Then I printed out all of those pictures in full color (my husband is still mad at me about the printer ink) and organized them into a binder by subject.  I also ordered a few more pantograph patterns to fill "holes" in my collection, making sure I have a nice assortment of versatile, mostly very forgiving, beginner friendly patterns that Cheree and Katy would approve of.  And Nancy from Grace and Peace quilting, who is also a computerized quilter these days, very graciously offered to send me even MORE beginner-friendly pantograph patterns to try, which just arrived in today's mail.  YIPPEE!!!  

Now, don't get me wrong -- I'm not turning my back on custom quilting and ruler work.  I just want to have other options in my "quilter's tool box" because not every quilt needs or can have 100 hours or more of quilting in it.  I want a speedier method for finishing charity quilts, everyday bed quilts, and quilts like Spirit Song Sermon Scribbles where the piecing design and prints were so strong, custom quilting wasn't going to show up much anyway.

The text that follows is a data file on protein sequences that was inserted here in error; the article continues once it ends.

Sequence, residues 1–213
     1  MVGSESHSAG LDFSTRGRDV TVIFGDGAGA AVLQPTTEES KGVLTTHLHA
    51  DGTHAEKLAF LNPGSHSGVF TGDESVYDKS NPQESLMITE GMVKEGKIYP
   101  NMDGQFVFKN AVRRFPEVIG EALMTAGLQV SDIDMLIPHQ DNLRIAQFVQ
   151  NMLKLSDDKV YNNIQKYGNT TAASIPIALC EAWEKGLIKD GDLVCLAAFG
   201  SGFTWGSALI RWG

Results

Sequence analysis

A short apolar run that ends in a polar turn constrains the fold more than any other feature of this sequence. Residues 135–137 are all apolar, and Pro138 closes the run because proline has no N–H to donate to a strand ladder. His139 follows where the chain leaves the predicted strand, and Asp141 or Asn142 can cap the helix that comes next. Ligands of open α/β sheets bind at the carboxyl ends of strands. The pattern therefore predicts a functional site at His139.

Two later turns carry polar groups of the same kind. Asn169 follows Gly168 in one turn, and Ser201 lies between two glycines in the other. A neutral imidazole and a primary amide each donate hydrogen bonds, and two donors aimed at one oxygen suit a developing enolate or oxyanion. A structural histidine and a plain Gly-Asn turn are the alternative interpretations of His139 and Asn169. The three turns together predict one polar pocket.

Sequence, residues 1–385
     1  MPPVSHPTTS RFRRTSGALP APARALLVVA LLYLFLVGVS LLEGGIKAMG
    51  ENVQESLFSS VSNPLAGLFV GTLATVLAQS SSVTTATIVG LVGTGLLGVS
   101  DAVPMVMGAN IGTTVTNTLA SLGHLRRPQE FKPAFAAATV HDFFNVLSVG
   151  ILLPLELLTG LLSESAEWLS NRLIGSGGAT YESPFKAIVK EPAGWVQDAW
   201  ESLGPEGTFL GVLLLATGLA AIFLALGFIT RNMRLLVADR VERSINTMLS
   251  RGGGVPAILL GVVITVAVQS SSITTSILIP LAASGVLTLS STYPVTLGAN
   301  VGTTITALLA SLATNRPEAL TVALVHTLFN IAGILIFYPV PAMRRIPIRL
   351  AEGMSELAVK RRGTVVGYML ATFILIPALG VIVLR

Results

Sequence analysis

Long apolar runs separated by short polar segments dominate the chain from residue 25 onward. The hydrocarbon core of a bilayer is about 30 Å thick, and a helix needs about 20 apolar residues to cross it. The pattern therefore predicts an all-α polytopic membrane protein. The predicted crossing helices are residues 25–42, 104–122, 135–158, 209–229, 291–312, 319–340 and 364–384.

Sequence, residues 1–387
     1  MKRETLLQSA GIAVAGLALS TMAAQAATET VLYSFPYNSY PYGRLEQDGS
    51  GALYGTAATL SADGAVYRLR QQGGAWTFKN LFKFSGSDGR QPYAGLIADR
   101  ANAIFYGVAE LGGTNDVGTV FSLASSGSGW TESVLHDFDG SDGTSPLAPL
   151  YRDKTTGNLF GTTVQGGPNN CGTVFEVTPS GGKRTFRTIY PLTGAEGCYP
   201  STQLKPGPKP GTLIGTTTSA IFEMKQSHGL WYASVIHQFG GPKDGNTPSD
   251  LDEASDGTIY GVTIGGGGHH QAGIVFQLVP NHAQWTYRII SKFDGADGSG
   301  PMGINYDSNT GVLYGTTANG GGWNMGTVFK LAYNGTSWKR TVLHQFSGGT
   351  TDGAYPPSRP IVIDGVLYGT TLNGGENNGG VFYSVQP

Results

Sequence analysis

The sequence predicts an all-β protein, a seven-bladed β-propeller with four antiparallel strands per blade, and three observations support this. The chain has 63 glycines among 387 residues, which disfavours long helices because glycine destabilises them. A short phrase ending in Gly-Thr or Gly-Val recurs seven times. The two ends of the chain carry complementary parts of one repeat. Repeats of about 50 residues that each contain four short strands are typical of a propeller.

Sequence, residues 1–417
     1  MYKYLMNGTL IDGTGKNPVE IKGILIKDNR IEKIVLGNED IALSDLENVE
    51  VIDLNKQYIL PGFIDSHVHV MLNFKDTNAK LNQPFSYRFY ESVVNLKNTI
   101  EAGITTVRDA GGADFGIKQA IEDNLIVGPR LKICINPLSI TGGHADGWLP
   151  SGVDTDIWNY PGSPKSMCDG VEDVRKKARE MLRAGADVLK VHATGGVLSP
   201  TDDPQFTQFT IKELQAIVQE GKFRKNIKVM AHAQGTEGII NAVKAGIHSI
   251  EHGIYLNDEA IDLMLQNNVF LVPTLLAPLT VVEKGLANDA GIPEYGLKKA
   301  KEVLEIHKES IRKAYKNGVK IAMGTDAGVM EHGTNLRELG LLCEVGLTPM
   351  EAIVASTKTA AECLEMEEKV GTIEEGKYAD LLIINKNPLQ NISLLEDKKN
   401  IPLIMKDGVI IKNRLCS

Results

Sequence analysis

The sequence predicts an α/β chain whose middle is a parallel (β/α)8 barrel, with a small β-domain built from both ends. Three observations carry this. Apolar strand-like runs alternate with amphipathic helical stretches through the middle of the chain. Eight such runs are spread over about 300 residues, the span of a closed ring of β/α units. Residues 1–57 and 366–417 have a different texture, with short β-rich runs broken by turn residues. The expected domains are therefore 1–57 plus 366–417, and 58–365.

Also, although I read Cheree's and Katy's advice about picking beginner pantograph patterns and did take it to heart (pun!), I didn't end up choosing a very beginner friendly pattern for this quilt.  That's because, even though I'd gotten a lot of patterns from that other quilter, none of the other patterns seemed like it would enhance this quilt top as much as Wild at Heart.  The other patterns I had that seemed easier were either the wrong scale for my 4" tumbler blocks, or they were designs that looked too grownup for the playful novelty prints.  I know this would look so much better if a more experienced pantograph quilter (or a computerized quilter) stitched it out so the long curves would be smoother and the echo lines would be spaced more evenly and accurately -- but all in all, it came out better than I expected.  Which is a good thing, since that pale lavender Glide thread really stands out against the deep purple solid!  

Again, I knew that this highly contrasting thread wasn't going to be very forgiving of my wobbles and bobbles, but I like the way the pale quilting thread breaks up the solid, somber eggplant solid, softens the harsh geometry of the geometric piecing design, and adds some whimsy that complements the juvenile conversation prints.  The photo above shows the quilt after machine binding with a zigzag stitch (wish my machine binding looked neater!) and a tumble through the laundry machines.  I don't have a full size finish photo to share because it was already dark out by the time this came out of the dryer!